Democrats face a turnout test in Georgia's Senate runoffs

ATLANTA (AP) - In the first week of the early voting for the Georgia Senate runoff election, Casie Yoder parked at a Cobb County polling station and loaded miniature hand sanitizer bottles, knitted hats, hand warmers and face masks into a collapsible cart.
Their goal: to help voters stay in line in freezing temperatures and cast their ballots in two high-stakes draw competitions that will determine which political party will control the Senate next year. The runoff elections will also see if the Democrats can reunite the diverse coalition that drove President-elect Joe Biden to victory in Georgia in November and cemented the state's status as a political battlefield.
"We have never had an election like this in December," said Yoder, the Georgian captain of the Frontline, an impartial electoral justice project run by the Black Lives Movement and other partner organizations.
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For the Democrats to take control of the Senate, Georgia’s black communities, as well as the state’s smaller Hispanic and Asian communities, will likely have to vote with a historic lead in the January 5 runoff. There is hope that the candidacy of Rev. Raphael Warnock, the black senior pastor of the church where Martin Luther King Jr. once preached, could help cast the black votes for both him and Democratic candidate Jon Ossoff Promote Republican incumbents Kelly Loeffler and David Perdue.
An Associated Press VoteCast poll of Georgian voters in November found that 22% of white voters chose Warnock and 28% Ossoff, compared with 90% of black voters who voted Ossoff and 73% who voted Warnock. Democrats also have the option to win the 15% of black voters who voted for Matt Lieberman, another Democratic candidate who faced Warnock in last month's race.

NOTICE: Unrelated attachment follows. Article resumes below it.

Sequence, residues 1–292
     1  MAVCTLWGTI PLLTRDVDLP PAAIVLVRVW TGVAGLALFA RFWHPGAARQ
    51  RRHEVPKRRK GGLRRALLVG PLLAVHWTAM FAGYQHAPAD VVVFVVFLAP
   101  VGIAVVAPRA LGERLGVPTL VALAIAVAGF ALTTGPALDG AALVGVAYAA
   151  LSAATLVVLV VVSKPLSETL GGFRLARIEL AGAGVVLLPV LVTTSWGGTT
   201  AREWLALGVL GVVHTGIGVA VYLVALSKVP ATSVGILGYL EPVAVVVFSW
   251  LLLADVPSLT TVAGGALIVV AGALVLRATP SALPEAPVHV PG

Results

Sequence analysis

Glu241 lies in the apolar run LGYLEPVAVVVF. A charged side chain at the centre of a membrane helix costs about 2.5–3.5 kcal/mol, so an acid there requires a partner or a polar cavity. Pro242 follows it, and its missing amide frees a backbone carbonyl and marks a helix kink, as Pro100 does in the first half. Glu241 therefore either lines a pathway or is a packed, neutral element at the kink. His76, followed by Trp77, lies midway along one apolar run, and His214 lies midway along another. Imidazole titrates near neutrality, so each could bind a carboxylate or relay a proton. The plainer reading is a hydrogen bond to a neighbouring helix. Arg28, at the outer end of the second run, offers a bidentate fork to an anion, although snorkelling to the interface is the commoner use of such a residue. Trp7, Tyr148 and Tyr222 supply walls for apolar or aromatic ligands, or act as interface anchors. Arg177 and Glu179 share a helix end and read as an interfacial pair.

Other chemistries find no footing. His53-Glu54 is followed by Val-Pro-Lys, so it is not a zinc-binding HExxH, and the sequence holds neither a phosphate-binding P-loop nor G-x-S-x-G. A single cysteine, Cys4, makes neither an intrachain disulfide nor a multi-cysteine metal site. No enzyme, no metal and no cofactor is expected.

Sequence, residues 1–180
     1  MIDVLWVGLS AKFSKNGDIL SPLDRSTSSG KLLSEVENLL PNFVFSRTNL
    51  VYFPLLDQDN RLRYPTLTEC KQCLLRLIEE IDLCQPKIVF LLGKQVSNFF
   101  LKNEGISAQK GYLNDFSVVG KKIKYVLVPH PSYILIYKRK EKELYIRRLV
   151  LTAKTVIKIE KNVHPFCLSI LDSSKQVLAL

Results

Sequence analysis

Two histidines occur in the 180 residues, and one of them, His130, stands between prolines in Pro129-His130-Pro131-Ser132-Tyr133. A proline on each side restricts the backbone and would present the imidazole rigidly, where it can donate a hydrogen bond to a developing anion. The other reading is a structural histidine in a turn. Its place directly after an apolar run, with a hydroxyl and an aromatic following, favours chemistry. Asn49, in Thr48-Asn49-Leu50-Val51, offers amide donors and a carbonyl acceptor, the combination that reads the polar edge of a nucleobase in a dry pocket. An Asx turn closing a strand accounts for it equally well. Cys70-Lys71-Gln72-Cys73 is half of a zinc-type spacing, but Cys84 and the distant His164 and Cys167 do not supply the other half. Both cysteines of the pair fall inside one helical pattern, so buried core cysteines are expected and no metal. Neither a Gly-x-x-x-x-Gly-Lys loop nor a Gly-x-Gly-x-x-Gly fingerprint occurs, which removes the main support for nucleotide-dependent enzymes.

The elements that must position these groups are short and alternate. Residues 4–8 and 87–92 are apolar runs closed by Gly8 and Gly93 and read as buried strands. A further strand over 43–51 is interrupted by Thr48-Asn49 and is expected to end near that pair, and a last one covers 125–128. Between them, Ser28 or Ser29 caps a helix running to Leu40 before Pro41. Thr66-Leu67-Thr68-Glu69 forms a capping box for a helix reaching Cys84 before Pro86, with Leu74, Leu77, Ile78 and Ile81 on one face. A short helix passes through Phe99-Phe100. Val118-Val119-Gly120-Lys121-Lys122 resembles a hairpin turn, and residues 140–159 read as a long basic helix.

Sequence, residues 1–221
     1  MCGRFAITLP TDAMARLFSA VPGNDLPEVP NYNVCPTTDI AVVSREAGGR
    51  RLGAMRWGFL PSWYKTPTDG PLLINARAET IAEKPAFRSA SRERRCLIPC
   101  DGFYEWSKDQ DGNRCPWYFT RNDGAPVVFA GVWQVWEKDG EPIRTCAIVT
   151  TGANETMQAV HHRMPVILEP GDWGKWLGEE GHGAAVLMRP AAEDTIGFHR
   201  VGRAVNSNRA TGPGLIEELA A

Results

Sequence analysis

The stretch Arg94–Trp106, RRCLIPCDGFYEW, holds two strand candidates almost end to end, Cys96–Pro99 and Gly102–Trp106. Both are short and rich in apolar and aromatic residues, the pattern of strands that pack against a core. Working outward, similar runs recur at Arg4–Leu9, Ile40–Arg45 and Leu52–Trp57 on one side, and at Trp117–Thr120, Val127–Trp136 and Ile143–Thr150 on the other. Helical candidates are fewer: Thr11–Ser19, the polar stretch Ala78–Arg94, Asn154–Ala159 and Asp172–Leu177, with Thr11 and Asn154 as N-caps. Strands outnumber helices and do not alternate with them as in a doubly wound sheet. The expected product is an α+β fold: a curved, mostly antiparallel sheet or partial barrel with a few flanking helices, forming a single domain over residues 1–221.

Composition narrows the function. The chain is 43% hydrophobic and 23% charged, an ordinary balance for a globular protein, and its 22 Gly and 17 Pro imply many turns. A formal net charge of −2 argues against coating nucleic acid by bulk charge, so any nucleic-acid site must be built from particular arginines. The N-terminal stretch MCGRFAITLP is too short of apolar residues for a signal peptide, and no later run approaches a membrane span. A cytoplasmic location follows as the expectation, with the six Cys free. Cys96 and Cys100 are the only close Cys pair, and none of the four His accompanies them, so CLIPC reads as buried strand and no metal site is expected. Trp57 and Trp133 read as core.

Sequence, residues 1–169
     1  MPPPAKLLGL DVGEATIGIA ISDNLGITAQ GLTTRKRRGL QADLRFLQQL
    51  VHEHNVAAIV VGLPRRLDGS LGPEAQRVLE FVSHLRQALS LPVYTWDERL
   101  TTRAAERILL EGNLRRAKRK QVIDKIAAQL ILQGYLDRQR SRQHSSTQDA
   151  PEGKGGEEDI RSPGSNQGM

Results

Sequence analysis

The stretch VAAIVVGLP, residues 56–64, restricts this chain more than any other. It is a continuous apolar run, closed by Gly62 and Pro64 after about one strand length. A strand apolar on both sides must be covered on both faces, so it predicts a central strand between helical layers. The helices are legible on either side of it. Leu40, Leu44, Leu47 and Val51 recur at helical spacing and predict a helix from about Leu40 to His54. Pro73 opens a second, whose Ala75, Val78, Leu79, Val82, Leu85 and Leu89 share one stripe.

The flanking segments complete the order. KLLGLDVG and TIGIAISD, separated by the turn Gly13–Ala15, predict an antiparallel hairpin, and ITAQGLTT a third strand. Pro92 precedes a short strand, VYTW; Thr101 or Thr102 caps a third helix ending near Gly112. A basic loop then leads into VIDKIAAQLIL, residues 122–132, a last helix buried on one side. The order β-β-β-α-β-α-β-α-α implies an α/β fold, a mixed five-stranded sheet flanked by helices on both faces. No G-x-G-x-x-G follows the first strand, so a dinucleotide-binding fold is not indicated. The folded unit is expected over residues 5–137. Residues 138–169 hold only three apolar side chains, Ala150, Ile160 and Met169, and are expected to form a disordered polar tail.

There are signs that voter turnout in Georgia may indeed be high. As of Wednesday, early voting data released by the Georgian Foreign Minister shows that nearly 1.9 million voters have cast in-person or postal ballot papers since voting opened last week. That is almost half of the total early votes cast in the November general election. There are less than two weeks until the Senate's runoff election is completed.
Around 75,000 people in Georgia have also registered to vote before the runoff election. Less than half of the respondents identify themselves as white.
"The old way of thinking that white voters will rule nationwide elections in the deep South is rapidly disappearing," said Ben Jealous, president of People For the American Way, a progressive advocacy group that promotes citizen participation.
Black, Hispanic, and Asian-American Georgians are making up more and more segments of the state's registered electoral roll. According to a new analysis by the Pew Research Center, Schwarz's registered voters increased by about 130,000 between the 2016 presidential election and the competition last month. This was the largest increase of any major racial and ethnic group in the state. Although the population of Hispanic America and Asia has been far fewer each year for the past three presidential cycles, they have increased their enrollments each year, Pew analysis shows.
American labor movement icon and civil rights activist Dolores Huerta said the growing number of Hispanic voters, especially among younger voters, had already changed organizing strategies for races like the Georgia runoff.
For weeks, several black and multiracial groups have been campaigning for social justice, many of which are resource efficient, around communities and radio waves in Georgia to get the required turnout. They make phone calls, text, knock on the door and cross the state in tour buses and private vehicles to reach Black and Hispanic Georgians. Many of them said that they will keep in touch during the holidays and put their own Christmas and New Year traditions on hold.